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Underwater Movie Project Aims to Conserve Oceans

June 18, 2014

A we l l – k n own mantra among divers and naturalists is: “We conserve what we love.” With that in mind, the Costa Rican Fisheries Institute (INCOPESCA), the agency that manages most of the country’s oceanic waters, granted permission to a team of divers (full disclosure: your correspondent included) a few weeks ago to dive with and film dolphins and whales underwater off the southern Pacific coast. The project is for a movie aimed at mobilizing an ocean conservation movement from the big screen.

Didier Noirot brought a team from France to assist with the cameras, scuba and rebreather gear (rebreathers recycle air with chemicals and thus produce none of the bubbles of scuba that often scare marine life). Noirot’s credits include top underwater cameraman for the BBC’s Blue Planet, Earth and Roboshark. He also crewed with legendary scuba inventor and marine conservationist Jacques Cousteau aboard the famed ship Calypso for more than a decade.

Costa Rica location coordinator Nico Ghersinich brought together a diverse group of interests and resources for the project. Three hotels – Aguila de Osa, Drake Bay Wilderness Resort and La Paloma Lodge – assisted the team on location in DrakeBay. The marine conservation organization MarViva assisted with its ship Proteus, including helicopter, to help find spinner dolphins. MarViva also hosted Environment Minister Roberto Dobles to observe the project action from the air and take note of the area offshore of CañoIsland and CorcovadoNational Park.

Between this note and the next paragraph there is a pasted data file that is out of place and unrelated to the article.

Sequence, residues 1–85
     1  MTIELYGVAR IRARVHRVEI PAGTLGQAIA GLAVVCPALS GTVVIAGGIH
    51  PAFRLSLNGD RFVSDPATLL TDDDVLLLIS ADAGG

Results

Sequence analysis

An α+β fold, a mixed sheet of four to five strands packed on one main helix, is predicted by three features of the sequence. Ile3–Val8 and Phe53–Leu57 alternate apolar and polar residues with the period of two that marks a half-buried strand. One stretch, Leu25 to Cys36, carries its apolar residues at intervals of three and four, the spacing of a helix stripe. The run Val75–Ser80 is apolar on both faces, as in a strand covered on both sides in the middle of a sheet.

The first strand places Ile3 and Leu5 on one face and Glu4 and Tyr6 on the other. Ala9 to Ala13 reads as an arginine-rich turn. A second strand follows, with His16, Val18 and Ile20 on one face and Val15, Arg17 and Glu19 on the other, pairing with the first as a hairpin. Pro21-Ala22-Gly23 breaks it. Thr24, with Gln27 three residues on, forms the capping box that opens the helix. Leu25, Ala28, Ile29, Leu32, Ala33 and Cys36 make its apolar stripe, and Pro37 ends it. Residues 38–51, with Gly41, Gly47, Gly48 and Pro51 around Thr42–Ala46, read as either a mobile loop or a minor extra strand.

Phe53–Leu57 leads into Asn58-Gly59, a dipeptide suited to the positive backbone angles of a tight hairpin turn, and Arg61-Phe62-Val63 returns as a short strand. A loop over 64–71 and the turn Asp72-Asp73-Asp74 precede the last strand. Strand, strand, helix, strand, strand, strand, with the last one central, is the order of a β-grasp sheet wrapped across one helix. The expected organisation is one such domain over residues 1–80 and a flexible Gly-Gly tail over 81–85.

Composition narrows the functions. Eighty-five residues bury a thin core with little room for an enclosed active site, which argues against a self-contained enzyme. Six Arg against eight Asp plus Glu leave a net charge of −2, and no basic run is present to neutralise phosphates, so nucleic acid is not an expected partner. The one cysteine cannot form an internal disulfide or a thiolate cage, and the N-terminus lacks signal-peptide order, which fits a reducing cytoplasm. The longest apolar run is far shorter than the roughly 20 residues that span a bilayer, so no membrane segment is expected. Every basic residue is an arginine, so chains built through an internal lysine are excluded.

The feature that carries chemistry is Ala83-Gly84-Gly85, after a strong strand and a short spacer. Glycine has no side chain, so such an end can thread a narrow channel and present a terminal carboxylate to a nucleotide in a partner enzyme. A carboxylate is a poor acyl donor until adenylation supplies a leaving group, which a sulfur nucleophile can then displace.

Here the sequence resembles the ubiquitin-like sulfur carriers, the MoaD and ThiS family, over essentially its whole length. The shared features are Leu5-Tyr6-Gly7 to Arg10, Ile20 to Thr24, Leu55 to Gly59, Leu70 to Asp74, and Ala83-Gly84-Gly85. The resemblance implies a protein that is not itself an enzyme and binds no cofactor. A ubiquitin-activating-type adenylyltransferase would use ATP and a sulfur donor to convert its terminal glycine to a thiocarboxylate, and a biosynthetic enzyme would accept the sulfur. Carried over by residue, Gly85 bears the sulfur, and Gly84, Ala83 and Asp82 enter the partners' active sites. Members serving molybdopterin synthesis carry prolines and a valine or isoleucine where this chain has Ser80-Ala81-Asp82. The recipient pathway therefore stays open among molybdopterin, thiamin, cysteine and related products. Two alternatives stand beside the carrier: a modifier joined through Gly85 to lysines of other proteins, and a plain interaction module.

Many people in OsaPeninsula communities have cried for more than two decades that this especially productive marine area requires protection from the ceaseless slaughter of animals by the commercial fishing industry. Some very influential people are starting to agree.

The project will continue filming for one year. MarViva has reportedly offered the use of Proteus and her helicopter for at least one month. So far, the team has found separate groups of pantropical spotted dolphins, common dolphins, bottlenose dolphins and spinner dolphins numbering more than a thousand. Two species of very rare and little known beaked whales also made appearances. Several sessions with pilot whales produced what everyone agreed is some of the best footage known of these mysterious creatures. The group also plans to film sessions in the poorly understood cetacean mecca known as the Costa Rican dome, far offshore. Perhaps once we see what’s there, we will fall in love and conserve it.

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